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Wagyu to return to China's dinner tables after 20-year import ban

Foreign ministers to sign agreement paving way for Japan to resume sales

Japanese beef sold at a supermarket in Taipei. Wagyu could become available for consumers in mainland China next year.

TOKYO -- Japan is set to resume beef exports to China as early as next year as Beijing relaxes its nearly two-decade ban under a new bilateral safety cooperation agreement, Nikkei has learned.

Japanese Foreign Affairs Minister Toshimitsu Motegi and Chinese counterpart Wang Yi are expected to agree Monday on cooperation on animal health and quarantines, positioned as a prerequisite for beef export resumption. Wang will be visiting Japan for the Group of 20 foreign ministerial meetings in Nagoya on Friday and Saturday.

An agreement would bring Japanese beef to the world's largest population for the first time since 2001, when China halted imports after mad cow disease hit Japan. The move would be a big boost to Tokyo's effort to reinvigorate the nation's agricultural sector.

After signing a deal, the countries would work to hammer out details such as safety standards. Relations between the two countries have been improving of late as they make top- and cabinet-level reciprocal visits. Chinese President Xi Jinping is set to visit Japan as a state guest early next year, the first such official visit by a Chinese leader since 2008.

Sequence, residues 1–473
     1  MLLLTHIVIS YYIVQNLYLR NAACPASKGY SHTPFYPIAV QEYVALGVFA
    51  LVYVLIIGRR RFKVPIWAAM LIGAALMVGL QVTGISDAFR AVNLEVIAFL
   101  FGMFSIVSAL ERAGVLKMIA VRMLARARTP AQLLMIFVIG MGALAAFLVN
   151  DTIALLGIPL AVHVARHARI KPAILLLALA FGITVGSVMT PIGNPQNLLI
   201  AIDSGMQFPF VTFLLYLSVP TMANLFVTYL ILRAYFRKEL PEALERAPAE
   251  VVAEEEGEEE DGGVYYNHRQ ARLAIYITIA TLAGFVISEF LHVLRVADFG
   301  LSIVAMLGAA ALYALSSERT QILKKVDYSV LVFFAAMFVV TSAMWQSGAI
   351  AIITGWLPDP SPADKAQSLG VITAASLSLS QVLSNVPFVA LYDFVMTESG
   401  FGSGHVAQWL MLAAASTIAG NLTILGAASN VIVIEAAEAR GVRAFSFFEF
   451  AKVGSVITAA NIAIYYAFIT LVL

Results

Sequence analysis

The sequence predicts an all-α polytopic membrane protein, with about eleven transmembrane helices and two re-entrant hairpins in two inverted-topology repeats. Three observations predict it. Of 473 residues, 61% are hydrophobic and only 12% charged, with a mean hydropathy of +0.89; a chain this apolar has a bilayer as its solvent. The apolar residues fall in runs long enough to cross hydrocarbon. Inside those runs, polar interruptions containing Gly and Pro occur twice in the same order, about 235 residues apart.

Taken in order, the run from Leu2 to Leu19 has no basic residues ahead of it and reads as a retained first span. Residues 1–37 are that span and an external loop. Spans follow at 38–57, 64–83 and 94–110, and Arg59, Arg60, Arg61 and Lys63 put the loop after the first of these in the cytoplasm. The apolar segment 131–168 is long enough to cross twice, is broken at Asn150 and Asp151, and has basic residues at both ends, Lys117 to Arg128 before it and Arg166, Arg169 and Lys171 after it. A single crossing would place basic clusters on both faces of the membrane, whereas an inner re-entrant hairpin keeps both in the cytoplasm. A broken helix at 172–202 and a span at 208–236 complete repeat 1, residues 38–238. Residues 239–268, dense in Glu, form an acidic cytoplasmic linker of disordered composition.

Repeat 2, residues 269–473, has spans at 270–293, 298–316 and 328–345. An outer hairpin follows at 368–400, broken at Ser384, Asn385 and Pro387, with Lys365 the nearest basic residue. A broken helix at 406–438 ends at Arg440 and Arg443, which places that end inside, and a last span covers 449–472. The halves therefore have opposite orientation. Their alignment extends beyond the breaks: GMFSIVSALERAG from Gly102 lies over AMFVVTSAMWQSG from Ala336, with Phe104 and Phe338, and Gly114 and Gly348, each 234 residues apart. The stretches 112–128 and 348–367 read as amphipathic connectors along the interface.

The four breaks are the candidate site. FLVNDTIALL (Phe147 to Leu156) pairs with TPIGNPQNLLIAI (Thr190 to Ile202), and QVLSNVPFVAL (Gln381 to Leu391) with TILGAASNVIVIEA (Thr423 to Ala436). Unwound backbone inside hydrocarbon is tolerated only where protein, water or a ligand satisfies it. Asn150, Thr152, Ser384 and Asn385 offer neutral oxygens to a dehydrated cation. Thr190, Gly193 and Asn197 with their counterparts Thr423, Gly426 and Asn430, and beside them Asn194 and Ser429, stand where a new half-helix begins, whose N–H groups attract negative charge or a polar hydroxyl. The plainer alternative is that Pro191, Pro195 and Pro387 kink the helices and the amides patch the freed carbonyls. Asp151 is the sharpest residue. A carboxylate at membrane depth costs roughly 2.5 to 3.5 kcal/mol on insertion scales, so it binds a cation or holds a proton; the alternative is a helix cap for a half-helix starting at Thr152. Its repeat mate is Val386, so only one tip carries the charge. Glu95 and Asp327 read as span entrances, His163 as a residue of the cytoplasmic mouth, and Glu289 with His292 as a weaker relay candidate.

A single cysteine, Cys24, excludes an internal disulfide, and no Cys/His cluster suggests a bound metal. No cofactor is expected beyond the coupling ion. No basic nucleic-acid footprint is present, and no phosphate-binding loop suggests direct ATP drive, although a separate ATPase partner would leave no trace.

The Japanese government aims to raise export values for agricultural, forestry and marine products and food to 1 trillion yen ($9.21 billion) this year, and to 5 trillion yen by 2030.

Japan's beef exports have been growing as prized wagyu varieties receive recognition. In fiscal 2018, beef exports, including refrigerated and frozen products, climbed 28% on the year to a sixth consecutive annual record of 3,799 tons, according to the government-linked Agriculture & Livestock Industries.

China, the world's largest importer of beef, took in about 1.46 million tons of the meat in 2018, according to the U.S. Department of Agriculture. That figure represents a more than threefold increase from five years earlier. Domestic production has been unable to keep up with a surge in beef consumption in urban areas.

Motegi will also seek lenience on China's remaining restrictions on importing agricultural products from regions of Japan that were hit by the 2011 earthquake and subsequent nuclear meltdown. China still bans all food and feed produced in nine prefectures including Fukushima and its northern and southern neighbors, Miyagi and Ibaraki.

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